Seattle has made significant investments in both players.
Johjima’s deal is worth $16.5 million, while Clement got a $3.4 million
bonus, a club record for a draft pick. Clement probably won’t be ready
before mid-2007, so the Mariners will have at least a year and a half
before they have to figure out how to get both players into the lineup.
Assuming that Johjima performs as expected, his salary would be
reasonable enough to make him attractive on the trade market. If the
Mariners hold onto both for the length of Johjima’s contract, Clement
could get more of his at-bats at first base or DH while backing up
Johjima at catcher. Clement has more than enough bat to move to another
position where more offense will be demanded.
These situations often have a way of working themselves out.
Just a year ago, the Red Sox seemed to have more shortstops than they
knew what to do with. Since then, Boston has traded Edgar Renteria and
Hanley Ramirez and moved Dustin Pedroia to second base and Luis Soto to
right field. Now the Red Sox have no obvious long-term shortstop.
- Where would Albert Callaspo rank on the Diamondbacks Top 10 list?
It seems to me that the Angels should have got more for Alberto
Callaspo then Jason Bulger. Why did they not go after Matt Chico, Tony
Pena or Micah Owings? I think Callaspo is flying under the radar
because he was overshadowed by Howie Kendrick in the Angels system. Why
did he go so cheap?
James P. Tate
The Diamondbacks system has gone through a lot of change since we
finalized their Top 10 for the Prospect Handbook. Arizona has traded
for outfielder Chris Young and Callaspo and signed shortstop Justin
Upton, the No. 1 overall pick in the 2005 draft.
I’d line up their revised Top 10 in this order: Upton,
shortstop Stephen Drew, first baseman Conor Jackson, outfielder Carlos
Quentin, Young, outfielder Carlos Gonzales, righthander Dustin Nippert,
catcher Miguel Montero, righthander Garrett Mock and Callaspo. Ranking
10th on that list is no slap in the face, because when we update our
farm-system rankings for our upcoming Minor League Preview issue,
Arizona will be No. 1.
The Angels were in a tough position with Callaspo. Adam Kennedy
is going to get their big league at-bats at second base, and Howie
Kendrick is going to get their Triple-A at-bats. They really didn’t
have a place to play Callaspo, and while he’s a good prospect, Kendrick
is a great prospect.
Callaspo is a career .315 hitter in the minors and he’s an
exceptional contact hitter. He has led the minors in most plate
appearances per strikeout in each of the last two years, including a
rate of 20.4 in 2005. But he doesn’t stand out in any other area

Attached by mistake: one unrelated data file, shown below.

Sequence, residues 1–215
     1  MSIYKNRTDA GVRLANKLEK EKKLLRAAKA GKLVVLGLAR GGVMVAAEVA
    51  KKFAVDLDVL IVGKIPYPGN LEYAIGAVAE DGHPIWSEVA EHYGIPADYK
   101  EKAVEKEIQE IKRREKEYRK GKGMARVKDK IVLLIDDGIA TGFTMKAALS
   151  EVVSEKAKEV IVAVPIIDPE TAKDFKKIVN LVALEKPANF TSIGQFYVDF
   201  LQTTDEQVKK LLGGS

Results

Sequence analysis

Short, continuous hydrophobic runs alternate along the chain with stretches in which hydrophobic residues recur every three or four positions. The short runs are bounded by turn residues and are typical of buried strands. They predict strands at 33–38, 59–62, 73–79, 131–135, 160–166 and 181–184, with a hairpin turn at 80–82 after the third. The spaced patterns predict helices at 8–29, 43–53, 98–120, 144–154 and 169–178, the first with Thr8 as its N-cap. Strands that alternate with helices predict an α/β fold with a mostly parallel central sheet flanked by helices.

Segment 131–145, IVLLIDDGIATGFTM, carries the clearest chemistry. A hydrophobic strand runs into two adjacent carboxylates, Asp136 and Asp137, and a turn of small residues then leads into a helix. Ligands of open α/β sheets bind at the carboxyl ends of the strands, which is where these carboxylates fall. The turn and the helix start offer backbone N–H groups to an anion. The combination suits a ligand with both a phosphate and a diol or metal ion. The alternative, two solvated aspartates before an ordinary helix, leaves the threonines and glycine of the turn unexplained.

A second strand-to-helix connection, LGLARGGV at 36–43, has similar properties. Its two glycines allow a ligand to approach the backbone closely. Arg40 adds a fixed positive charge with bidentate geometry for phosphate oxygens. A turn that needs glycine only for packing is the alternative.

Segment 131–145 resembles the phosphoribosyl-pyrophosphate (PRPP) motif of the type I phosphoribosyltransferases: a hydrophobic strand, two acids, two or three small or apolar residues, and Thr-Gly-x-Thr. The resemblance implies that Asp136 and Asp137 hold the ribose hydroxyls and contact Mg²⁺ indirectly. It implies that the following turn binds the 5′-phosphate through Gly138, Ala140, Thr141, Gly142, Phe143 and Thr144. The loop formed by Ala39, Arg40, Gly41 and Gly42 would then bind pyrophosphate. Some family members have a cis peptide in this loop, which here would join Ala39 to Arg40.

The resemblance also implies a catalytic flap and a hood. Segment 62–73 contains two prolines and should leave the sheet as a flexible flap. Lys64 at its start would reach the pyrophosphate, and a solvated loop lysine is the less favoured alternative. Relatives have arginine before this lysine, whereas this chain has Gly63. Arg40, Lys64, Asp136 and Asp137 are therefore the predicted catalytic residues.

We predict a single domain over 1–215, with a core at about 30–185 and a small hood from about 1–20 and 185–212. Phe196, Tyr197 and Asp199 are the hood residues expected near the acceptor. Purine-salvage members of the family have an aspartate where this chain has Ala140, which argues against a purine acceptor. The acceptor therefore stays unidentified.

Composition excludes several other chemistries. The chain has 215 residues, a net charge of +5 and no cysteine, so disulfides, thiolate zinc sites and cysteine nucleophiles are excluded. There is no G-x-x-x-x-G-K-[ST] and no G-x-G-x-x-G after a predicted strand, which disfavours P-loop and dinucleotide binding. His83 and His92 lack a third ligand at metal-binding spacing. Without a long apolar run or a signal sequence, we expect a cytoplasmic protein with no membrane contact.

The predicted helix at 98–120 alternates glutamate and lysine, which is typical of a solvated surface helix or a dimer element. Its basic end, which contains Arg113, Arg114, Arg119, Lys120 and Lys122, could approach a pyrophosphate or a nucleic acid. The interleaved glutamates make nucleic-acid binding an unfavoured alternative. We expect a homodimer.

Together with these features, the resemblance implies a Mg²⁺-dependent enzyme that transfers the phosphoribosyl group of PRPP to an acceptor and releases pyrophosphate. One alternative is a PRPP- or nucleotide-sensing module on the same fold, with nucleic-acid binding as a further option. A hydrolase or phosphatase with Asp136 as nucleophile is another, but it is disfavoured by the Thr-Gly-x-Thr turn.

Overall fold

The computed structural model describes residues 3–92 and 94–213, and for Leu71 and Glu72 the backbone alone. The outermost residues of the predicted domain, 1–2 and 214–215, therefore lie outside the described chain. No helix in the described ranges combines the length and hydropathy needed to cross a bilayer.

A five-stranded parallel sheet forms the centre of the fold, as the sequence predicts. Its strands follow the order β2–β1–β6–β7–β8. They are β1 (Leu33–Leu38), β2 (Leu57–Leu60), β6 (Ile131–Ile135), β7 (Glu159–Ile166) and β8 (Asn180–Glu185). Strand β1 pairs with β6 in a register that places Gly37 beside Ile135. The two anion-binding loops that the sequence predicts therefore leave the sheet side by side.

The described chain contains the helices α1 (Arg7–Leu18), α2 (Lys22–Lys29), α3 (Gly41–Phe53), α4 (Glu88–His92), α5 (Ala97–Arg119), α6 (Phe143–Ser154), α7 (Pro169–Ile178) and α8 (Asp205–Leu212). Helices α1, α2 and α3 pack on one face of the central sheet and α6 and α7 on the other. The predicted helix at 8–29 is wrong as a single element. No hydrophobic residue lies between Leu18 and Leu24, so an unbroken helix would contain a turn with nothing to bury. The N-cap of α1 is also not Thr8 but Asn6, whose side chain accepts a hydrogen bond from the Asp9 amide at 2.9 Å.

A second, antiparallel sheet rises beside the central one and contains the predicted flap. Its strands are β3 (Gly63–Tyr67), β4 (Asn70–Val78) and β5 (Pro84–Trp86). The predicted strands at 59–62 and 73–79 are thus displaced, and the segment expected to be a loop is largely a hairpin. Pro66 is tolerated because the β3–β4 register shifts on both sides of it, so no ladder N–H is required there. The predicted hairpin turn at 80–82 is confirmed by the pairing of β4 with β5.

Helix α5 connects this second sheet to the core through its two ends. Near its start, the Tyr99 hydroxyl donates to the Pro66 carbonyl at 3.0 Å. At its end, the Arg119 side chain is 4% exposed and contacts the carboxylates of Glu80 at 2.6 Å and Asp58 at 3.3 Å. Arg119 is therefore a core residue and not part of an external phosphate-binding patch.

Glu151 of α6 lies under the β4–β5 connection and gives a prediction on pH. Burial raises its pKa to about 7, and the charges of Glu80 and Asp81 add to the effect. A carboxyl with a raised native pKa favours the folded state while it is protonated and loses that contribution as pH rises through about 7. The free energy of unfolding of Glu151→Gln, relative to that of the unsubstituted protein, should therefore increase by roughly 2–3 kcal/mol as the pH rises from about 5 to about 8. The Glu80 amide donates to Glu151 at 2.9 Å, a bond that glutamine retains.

offensively. He doesn’t have much more than doubles power and his
career slugging percentage is just .424. He has walked just 166 times
in 544 pro games, so he has to hit for a high average to have a
respectable on-base percentage. He has some speed but is just
73-for-123 (59 percent) as a pro basestealer.
A slick-fielding second baseman who also can handle shortstop,
Callaspo figures to make Arizona’s big legue club as a reserve middle
infielder. I could see him becoming a decent regular but I don’t see a
lot of star potential. The Angels needed to move him, and I’d take
Bulger over Chico and Pena because he’s major league-ready. The
Diamondbacks couldn’t trade Owings until the one-year anniversary of
his signing last summer, and I doubt they would have made him available
in this deal.
- How is Bryan Morris doing at Motlow State (Tenn.) CC? I
know he didn't sign with the Devil Rays after they took him in the
third round last June. Do you see him improving his draft position by
going to school?
Morris wanted to sign with the Devil Rays last summer. The two sides
agreed on a $1.3 million bonus, which was more in line with Morris’
status as a borderline first-round talent. But Tampa Bay’s upper
management kept dragging its heels on signing off on the
deal–reportedly, incoming managing partner Stuart Sternberg was in
favor of it while outgoing managing partner Vince Naimoli was against
it–so Morris decided to attend Motlow State, where his father Ricky is
an assistant coach.
Tampa Bay still controls Morris’ rights and can sign him
between the time Motlow State’s season ends and a week before the 2006
draft. Now that Naimoli has left and Sternberg is running the Rays,
there’s a good chance the two sides could get that $1.3 million deal
completed in May.
Morris isn’t doing anything to hurt his standing at Motlow.
He’s still showing a plus fastball and a power curveball, as well as an
intriguing slider and a developing changeup. He has made three starts,
going 2-1, 0.53 with 26 strikeouts and just eight hits allowed in 17
innings. He also has played some center field and DHed for the Bucks,
hitting .258 with six RBIs in 10 games.
If Morris doesn’t sign with Tampa Bay, and he keeps displaying
the same stuff and achieving the same results, he could go in the first
round in June. He might have last summer if he wasn’t considered
somewhat of a tough sign after his dad told scouts he wanted Bryan to
pitch for him for at least one season.